Madison Square area, Manhattan
Distinguished for its classic beauty, this small marble courthouse represents in a civic building, the epitome of collaboration between architect, sculptor, and mural painter. Classic Eclectic in design, but influenced the Italian Renaissance architect Andrew Palladio, the three-story building, with low basement, expresses the best of Classical tradition, in its columned porch (portico) and much fine sculpture, one of the building’s chief distinctions.
The south elevation is divided into three parts with the impressive porticoed central portion with entrance dominating the facade. Right and left of the portico, symmetrically balanced, are two tiers of handsomely enframed windows on the first and second floors. A low flight of steps leads up to the shallow portico which is formed by six fluted Corinthian columns resting on solid pedestal bases.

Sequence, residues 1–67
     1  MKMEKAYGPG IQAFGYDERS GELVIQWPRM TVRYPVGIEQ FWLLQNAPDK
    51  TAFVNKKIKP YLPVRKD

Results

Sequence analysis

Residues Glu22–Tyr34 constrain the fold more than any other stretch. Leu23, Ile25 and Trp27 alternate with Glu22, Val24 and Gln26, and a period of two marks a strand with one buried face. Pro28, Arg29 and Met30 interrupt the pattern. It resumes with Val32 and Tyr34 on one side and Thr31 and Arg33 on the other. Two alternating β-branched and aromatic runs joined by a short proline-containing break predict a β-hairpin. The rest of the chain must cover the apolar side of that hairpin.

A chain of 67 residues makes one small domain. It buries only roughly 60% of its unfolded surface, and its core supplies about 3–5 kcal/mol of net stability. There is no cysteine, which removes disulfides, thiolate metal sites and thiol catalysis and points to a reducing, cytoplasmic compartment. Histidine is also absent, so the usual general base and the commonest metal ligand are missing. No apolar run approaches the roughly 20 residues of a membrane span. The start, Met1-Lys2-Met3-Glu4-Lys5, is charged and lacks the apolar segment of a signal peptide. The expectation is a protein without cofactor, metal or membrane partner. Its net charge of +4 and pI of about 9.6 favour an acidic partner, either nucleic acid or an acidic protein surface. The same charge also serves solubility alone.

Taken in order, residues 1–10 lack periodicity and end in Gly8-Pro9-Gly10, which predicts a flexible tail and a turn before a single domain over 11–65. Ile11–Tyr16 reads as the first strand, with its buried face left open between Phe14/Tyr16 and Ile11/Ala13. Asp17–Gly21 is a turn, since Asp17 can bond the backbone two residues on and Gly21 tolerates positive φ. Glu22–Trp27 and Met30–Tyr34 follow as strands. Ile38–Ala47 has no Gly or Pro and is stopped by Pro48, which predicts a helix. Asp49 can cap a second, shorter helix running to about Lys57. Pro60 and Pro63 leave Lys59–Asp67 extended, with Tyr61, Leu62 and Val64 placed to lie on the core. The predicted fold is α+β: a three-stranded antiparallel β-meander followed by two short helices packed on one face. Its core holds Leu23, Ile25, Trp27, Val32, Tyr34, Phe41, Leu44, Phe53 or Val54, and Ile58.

These columns support an ornate triangular pediment filled with sculptured figures. On top of the pediment is Justice, flanked by figures representing Power and Study. This facade is crowned with seven statues standing on low pedestal blocks sot within the parapet wall above the roof line.
The west elevation is also imposing. Four Corinthian columns backed-up by pilasters support the cornice. Features of this facade, are the statues of four maidens (caryatides), supporting Ionic capitals, upon which rests the roof cornice. Standing on pedestal blocks, projecting forward from the parapet wall, are two statues one at each comer of the building and a large central group in the middle.
This Civic building set an example for successful collaboration of the Fine Arts. One third of the total construction cost was spent on decoration. Few buildings in the country, even today, can boast of such an endorsement of the arts.
– From the 1966 NYCLPC Landmark Designation Report